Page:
RAPID/Geothermal/Colorado/Water Quality

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Colorado Geothermal Water Quality Assessment(14-CO)

Geothermal developers may be required to obtain several permits related to water quality issues, including permits for nonpoint source pollution, NPDES permitting, underground injection control, 401 water quality certification, and groundwater discharge.

The Colorado Department of Public Health and Environment (CDPHE) administers a voluntary regulatory Nonpoint Source Pollution Management Program to control the impacts of nonpoint source pollution. The MDEQ program consists of public awareness, cooperation with other agencies and land owners, and the application of Best Management Practices (BMPs). Developers may choose to comply with the program.

Developers must comply with National Pollutant Discharge Elimination System (NPDES) requirements if their project will discharge pollutants into the waters of the United States. Colorado has been granted authority by the Environmental Protection Agency to administer the NPDES program within the state. The CDPHE Water Quality Control Division (WQCD) issues NPDES permits in accordance with the Colorado Water Quality Control Act and implementing regulations: 5 CCR 1002-61 and 5 CCR 1002-61. Generally, industrial, municipal, and other facilities must obtain NPDES permits if their discharges go directly to surface waters.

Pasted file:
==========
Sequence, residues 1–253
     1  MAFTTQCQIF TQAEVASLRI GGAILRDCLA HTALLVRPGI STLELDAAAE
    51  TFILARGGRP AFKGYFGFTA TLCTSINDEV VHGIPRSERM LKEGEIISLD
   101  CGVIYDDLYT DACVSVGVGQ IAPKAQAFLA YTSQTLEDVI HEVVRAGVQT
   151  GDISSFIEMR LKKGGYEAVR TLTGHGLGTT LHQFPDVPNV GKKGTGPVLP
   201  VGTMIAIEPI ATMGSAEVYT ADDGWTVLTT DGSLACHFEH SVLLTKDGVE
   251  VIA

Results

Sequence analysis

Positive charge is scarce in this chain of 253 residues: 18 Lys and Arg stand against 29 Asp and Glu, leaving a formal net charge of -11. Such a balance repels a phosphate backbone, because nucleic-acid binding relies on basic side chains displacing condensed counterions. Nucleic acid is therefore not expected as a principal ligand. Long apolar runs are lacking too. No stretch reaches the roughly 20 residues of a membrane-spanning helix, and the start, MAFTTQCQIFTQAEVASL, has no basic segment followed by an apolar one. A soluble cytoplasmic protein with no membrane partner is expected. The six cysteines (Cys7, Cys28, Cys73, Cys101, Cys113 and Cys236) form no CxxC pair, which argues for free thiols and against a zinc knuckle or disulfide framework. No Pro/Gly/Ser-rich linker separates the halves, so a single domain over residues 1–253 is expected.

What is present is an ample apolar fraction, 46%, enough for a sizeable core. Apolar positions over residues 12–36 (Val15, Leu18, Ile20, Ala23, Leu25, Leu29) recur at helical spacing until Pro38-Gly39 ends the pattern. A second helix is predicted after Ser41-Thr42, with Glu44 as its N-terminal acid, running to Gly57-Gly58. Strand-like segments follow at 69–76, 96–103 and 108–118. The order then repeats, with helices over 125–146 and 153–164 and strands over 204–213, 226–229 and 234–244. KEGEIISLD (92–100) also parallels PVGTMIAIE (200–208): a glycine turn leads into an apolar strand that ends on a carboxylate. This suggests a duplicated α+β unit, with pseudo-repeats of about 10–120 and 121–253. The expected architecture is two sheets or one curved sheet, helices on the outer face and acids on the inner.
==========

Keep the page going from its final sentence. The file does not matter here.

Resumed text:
The EPA has not delegated authority to Colorado to regulate Class V underground injection control wells. Developers seeking underground injection control wells for geothermal activities must receive authority from the EPA.

Developers must obtain a 401 Water Quality Certification from the CDPHE WQCD if their project implicates any federal license or permit issued to construct or operate a facility which may result in any fill or discharge into navigable waters of the United States. The CDPHE WQCD has developed administrative rules for water quality certification under 5 CCR 1002-82 401 Certification Regulation.

If the project will impact groundwater, the developer must obtain a groundwater discharge permit unless the discharge is excluded by 5 CCR 1002-61.14(1). The CDPHE WQCD protects groundwater quality through issuing groundwater discharge permits under the Colorado Water Quality Control Act and 5 CCR 1002-61 for activities that impact groundwater quality such as surface disposal, septic systems, unlined ponds, overland flow, reuse and irrigation.

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Determine Which State and Federal Permits Apply

Use this overview flowchart and following steps to learn which federal and state permits apply to your projects.